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Perissodactyls (Talk.Origins)

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Response Article

This article (Perissodactyls (Talk.Origins)) is a rebuttal regarding a supposed transitional form published by the Talk.Origins Archive under the title Transitional Vertebrate Fossils FAQ.

Response to Perissodactyls (horses, tapirs, rhinos)

CreationWiki response: (Talk.Origins quotes in blue)

  • Loxolophus (early Paleocene) -- A primitive condylarth with rather low-crowned molars, probably ancestral to the phenacodontid condylarths.

Loxolophus serves as a starting point with no reference to a proposed ancestor. Also there is no information on much of the skeleton has been found.

  • Tetraclaenodon (mid-Paleocene) -- A more advanced Paleocene condylarth from the phenacodontid family, and almost certainly ancestral to all the perissodactyls (a different order). Long but unspecialized limbs; 5 toes on each foot (#1 and #5 smaller). Slightly more efficient wrist.

Tetraclaenodon is difficult to classify do to insufficient information. No real comparison is made with Loxolophus other than reference to the the first and fifth toes being shorter on Tetraclaenodon. The comment that Tetraclaenodon is "almost certainly ancestral to all the perissodactyls" is a result of their Evolutionary mind set and it assume that the rest of the evidence holds up.

GAP: There are almost no known perissodactyl fossils from the late Paleocene. This is actually a small gap; it's only noticeable because the perissodactyl record is otherwise very complete. Recent discoveries have made clear that the first perissodactyls arose in Asia (a poorly studied continent), so hopefully the ongoing new fossil hunts in Asia will fill this small but frustrating gap. The first clue has already come in:

While this Gap may be small for the alleged Evolutionary time scale, it is significant in questioning the alleged lineage since the gap falls right between 5 toes; and 4 front / 3 hind toes.

  • Radinskya yupingae (late Paleocene, China) -- A recently discovered perissodactyl-like condylarth.

Note the following qoute:

In addition, an enigmatic skull with strikingly perissodactyl-like teeth has recently been described from the late Paleocene of China under the name Radinskya. Although no limb remains are known for Radinskya, this animal presents a plausible alternative for the origin of the odd-toed ungulates. The relationships of Radinskya to other Paleocene mammals are not clear, but it could belong to an endemic Asian family of herbivores called Phenacolophidae - also of uncertain affinities. Paleocene mammals of the world.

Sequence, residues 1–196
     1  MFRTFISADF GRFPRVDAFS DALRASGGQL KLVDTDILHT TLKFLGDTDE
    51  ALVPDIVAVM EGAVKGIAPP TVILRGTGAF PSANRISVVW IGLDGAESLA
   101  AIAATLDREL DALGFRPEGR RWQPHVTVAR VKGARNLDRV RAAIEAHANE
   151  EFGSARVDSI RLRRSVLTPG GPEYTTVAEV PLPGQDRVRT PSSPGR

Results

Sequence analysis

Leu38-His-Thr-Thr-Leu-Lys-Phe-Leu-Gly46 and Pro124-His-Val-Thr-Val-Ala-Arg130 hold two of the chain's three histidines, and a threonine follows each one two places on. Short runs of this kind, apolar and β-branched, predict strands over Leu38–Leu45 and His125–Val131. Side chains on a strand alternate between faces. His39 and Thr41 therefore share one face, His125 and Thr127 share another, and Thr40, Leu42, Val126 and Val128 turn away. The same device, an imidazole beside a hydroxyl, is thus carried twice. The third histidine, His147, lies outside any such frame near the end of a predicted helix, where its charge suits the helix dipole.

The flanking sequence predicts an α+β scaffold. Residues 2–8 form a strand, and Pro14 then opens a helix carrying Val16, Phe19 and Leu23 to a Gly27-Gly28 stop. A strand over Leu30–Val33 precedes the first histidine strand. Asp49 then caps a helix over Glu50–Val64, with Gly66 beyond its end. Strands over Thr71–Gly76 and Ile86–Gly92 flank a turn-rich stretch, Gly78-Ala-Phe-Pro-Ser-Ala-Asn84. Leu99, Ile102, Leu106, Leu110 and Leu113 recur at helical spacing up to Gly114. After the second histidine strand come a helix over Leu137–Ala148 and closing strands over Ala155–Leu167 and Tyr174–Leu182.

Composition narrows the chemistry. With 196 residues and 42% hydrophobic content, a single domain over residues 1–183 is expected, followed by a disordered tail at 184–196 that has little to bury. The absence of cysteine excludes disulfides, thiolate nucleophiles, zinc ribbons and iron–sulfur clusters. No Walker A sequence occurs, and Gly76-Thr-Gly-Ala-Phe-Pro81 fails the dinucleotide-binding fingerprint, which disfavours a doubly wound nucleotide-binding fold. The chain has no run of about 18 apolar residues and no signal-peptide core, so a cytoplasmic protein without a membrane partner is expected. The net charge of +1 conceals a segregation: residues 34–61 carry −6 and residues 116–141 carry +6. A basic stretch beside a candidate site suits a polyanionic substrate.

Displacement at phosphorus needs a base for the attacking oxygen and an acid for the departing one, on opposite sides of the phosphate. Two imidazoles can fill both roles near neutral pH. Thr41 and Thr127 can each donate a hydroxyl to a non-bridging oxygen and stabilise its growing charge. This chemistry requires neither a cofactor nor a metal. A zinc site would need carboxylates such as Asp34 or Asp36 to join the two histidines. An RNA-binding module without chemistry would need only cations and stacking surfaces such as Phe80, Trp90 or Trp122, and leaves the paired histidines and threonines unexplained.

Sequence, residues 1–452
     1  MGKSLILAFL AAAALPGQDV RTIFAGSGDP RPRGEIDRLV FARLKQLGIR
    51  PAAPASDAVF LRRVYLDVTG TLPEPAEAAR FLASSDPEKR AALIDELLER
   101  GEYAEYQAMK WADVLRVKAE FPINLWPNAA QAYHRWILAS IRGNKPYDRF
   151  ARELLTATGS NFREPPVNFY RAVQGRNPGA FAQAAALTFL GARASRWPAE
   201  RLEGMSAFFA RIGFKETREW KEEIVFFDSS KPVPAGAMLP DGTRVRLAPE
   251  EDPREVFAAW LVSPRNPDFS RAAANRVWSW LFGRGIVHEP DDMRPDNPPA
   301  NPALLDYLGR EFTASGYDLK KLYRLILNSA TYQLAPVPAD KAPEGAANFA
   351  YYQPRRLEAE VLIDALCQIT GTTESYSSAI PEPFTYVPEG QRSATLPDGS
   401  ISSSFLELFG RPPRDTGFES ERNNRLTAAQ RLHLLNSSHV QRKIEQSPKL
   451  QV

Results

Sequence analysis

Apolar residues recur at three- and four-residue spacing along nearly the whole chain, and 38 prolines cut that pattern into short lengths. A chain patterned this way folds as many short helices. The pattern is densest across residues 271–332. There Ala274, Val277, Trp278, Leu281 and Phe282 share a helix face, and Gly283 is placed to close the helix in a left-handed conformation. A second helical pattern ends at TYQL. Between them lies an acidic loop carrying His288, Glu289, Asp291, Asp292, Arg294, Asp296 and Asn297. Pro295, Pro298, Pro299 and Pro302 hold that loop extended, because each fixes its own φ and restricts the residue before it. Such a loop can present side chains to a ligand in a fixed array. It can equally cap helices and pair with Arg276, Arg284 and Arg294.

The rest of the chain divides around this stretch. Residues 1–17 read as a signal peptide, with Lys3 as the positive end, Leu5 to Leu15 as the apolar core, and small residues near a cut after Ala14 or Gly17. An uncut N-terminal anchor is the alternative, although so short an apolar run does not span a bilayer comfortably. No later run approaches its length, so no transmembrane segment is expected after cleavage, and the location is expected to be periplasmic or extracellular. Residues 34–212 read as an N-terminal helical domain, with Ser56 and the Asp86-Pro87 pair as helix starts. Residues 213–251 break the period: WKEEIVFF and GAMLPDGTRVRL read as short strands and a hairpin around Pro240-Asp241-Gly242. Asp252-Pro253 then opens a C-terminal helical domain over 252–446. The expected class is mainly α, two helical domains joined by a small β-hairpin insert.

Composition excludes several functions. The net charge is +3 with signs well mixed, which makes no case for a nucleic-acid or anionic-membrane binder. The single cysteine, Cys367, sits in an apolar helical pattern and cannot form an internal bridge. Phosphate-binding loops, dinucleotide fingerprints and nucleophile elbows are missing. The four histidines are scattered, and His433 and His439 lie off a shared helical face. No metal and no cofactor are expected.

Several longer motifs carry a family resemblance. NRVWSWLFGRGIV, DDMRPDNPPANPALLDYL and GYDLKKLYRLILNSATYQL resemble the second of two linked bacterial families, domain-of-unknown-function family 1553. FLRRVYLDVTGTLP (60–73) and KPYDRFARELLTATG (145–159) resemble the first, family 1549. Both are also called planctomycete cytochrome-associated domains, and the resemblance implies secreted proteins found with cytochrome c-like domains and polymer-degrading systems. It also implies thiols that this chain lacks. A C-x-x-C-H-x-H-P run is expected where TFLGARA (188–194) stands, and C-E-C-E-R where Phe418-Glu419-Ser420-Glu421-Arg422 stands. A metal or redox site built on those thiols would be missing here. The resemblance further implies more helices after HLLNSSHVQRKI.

So Radinskya is known only from its skull. It is considered ancestral to horses based only on its teeth.

  • Hyracotherium (early Eocene, about 55 Ma; previously "Eohippus") -- The famous "dawn horse", a small, doggish perissodactyl, with an arched back, short neck, omnivore teeth, and short snout. 4 toes in front and 3 behind. Compared to Tetraclaenodon, has longer toes, interlocking ankle bones, and slightly different tooth cusps. Probably evolved from Tetra. in about 4-5 my, perhaps via an Asian species like Radinskya. Note that Hyrac. differed from other early perissodactyls (such as tapir/rhino ancestors) only by small changes in tooth cusps and in body size.
  • Hyracotherium vassacciense (early Eocene) -- The particular species that probably gave rise to the equids.
  • Orohippus (mid-Eocene, ~50 Ma) -- Small, 4/3 toed, developing browser tooth crests.
  • Epihippus (late Eocene, ~45 Ma) -- Small, 4/3 toed, good tooth crests, browser.
  • Epihippus (Duchesnehippus) -- A later subgenus with Mesohippus-like teeth.

Hyracotherium Orohippus, and Epihippus are varieties of the same kind of animal, much like the variety among cat and dogs. They all the a 4 toes one their front feet and 3 toes on the back as well as many other similarities that show them to be the same kind of animal.

  • Mesohippus celer (latest Eocene, 40 Ma) -- Three-toed on all feet, browser, slightly larger
  • Mesohippus westoni (early Oligocene) -- A slightly later, more advanced species.
  • Miohippus assiniboiensis (mid-Oligocene) -- This species split off from early Mesohippus via cladogenetic evolution, after which Miohippus and Mesohippus overlapped for the next 4 my. Distinctly larger, slightly longer skull, facial fossa deeper and more expanded, subtly different ankle joint, variable extra crest on upper cheek teeth. In the early Miocene (24 My) Miohippus began to speciate rapidly. Grasses had just evolved, & teeth began to change accordingly. Legs, etc., started to change for fast running.
  • Kalobatippus (late Oligocene) -- Three-toed browser w/foot intermediate between Mio. & Para.
  • Parahippus (early Miocene, 23 Ma) -- Three-toed browser/grazer, developing "spring foot". Permanent establishment of the extra crest that was so variable in Miohippus. Stronger tooth crests & slightly taller tooth crowns.
  • 'Parahippus' leonensis (mid-Miocene, ~20 Ma) -- Three-toed browser/grazer with the emphasis on grazer. Developing spring-foot & high-crowned teeth.